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Artists Draw on Facebook to Connect or Sell Their Work

Artists Draw on Facebook to Connect or Sell Their Work

Established collage artist Michael Anderson with his work on display at the Claire Oliver Gallery in Manhattan, where he currently has a solo show. (Photo By Todd Plitt, USA TODAY)

USA Today

March 21, 2011

‘On and off Facebook all day’

“I think there’s something about this age, our midlife, when people start to appreciate the friends they had back then,” Levine says. “I’m on and off Facebook all day — it’s terrible.” She also curates a professional page, where she promotes shows and sells her now-vintage rock photo prints, but she keeps a tight leash on who sees her personal page.

Others are more open to the masses. Collage artist Michael Anderson, whose studio is in Harlem, N.Y., has more than 2,800 Facebook friends. He says social media have been great for networking with other artists, but he’s concerned that the whole concept of “artist” is getting watered down.

“The arts community is definitely very expanded because of sites like Facebook. There are so many more artists today than there ever were. There is so much more crap out there, too.”

He doesn’t believe it’s the place to sell. “I don’t feel that the people who are my real collectors are really looking for my work on Facebook.”

Museums are catching on, though, says Tyler Greene, a Washington art blogger. While some contemporary museums such as The Getty, in Malibu, Calif., and the San Francisco Museum of Modern Art “get” the importance of social media, many others aren’t there yet. “The days of putting out a press release in the local paper to share what they’re doing in the community are long gone,” he says.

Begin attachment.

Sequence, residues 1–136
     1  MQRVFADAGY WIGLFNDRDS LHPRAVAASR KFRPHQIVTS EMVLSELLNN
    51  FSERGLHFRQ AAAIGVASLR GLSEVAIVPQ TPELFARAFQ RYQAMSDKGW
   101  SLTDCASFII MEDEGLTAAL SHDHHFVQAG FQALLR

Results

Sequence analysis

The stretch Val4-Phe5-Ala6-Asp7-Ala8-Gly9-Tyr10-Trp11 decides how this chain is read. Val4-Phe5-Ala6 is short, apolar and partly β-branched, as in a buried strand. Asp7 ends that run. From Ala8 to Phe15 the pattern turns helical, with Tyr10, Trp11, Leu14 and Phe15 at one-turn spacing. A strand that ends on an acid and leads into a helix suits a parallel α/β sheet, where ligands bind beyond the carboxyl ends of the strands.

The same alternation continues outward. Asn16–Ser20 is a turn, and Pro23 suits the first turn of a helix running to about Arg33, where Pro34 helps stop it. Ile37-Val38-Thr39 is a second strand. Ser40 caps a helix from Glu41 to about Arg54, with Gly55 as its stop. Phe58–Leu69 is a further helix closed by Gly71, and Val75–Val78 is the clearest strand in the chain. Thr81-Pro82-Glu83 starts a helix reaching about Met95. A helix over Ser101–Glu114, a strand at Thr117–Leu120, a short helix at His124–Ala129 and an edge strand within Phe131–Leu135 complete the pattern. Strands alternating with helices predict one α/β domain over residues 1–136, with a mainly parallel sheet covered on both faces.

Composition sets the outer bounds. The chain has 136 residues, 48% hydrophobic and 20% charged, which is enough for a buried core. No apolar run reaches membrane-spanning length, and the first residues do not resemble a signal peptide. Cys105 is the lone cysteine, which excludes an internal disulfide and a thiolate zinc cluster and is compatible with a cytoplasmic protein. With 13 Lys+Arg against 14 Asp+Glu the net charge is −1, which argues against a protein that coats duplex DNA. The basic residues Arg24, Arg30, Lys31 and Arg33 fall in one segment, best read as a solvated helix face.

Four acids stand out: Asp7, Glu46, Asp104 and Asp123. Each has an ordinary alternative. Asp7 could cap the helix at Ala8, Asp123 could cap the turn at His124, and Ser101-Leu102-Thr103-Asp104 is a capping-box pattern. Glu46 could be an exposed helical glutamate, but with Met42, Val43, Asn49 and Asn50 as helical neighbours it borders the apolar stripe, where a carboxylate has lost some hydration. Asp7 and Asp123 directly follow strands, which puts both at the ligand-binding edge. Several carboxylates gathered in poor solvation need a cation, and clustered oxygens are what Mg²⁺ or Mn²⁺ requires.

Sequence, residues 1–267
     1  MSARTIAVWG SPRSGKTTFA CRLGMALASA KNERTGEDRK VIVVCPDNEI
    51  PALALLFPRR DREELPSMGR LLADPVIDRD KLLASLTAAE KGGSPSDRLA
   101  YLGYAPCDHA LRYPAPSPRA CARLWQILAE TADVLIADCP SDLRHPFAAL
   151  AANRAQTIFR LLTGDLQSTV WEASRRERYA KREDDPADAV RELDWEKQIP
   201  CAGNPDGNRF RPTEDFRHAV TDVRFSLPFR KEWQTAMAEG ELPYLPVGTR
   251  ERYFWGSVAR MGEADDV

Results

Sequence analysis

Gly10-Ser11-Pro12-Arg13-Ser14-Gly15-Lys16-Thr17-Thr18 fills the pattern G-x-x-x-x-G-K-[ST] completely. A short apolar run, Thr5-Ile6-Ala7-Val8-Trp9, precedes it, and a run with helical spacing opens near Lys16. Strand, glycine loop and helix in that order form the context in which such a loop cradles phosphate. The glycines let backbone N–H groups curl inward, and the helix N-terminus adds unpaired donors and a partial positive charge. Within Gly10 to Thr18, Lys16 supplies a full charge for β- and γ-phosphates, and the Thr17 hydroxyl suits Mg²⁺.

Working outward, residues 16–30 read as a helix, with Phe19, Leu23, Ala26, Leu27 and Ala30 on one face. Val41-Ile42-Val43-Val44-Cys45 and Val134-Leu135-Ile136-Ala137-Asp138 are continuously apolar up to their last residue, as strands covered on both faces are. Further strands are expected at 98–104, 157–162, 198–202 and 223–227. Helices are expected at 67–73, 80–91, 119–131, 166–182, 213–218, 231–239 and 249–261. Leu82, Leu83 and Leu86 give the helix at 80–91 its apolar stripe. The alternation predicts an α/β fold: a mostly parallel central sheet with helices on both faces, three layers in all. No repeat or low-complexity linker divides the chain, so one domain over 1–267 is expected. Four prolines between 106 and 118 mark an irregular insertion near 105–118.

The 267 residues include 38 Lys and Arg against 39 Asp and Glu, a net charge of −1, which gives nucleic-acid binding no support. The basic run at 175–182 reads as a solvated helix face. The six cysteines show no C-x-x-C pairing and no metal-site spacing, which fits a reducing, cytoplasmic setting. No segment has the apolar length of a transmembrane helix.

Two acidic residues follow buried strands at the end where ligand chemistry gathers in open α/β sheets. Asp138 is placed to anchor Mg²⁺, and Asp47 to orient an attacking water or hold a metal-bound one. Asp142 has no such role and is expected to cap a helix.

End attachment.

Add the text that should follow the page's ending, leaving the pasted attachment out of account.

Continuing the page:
Much of the Phillips Collection in Washington is online, and the museum is on Twitter. “We want people to visit. But when they can’t, our goal is to meet people where they live,” says Ann Greer, director of communications and marketing.


H. Darr Beiser, USA TODAY Staff Artist Victor Ekpuk, in his Washington, D.C. studio, uses Facebook to connect to fans and fellow artists around the world.

A recent National Endowment for the Arts study showed that more than half of Americans participate in the arts via electronic media, says Sunil Iyengar, NEA director of research and analysis. Last fall, NEA published a report based on a 2008 survey of more than 18,000 adults. Last month, it released additional research showing that people aren’t just pleasure-viewing art online. They’re also using it for educational enrichment and creating art, Iyengar says.

Sheila Pepe, 51, an installation artist and a professor in the School of Art and Design at Pratt Institute in Brooklyn, N.Y., says she finds the cult of personality in the Facebook art world fascinating, and notes that some artists and art critics have so many “friends” that they have to reject new requests because they’ve hit the 5,000-friend limit.

Seattle art blogger and painter Joey Veltkamp believes virtual-world popularity comes down to how successful a self-promoter you are. "Social media lets you say, ‘Hey look at me,’ " he says. If you’re good at that, you become a Facebook celeb, which he says annoys those who don’t have that skill set. Still, he doesn’t think anybody’s ever going to reach stardom in the art world by being popular on Facebook.

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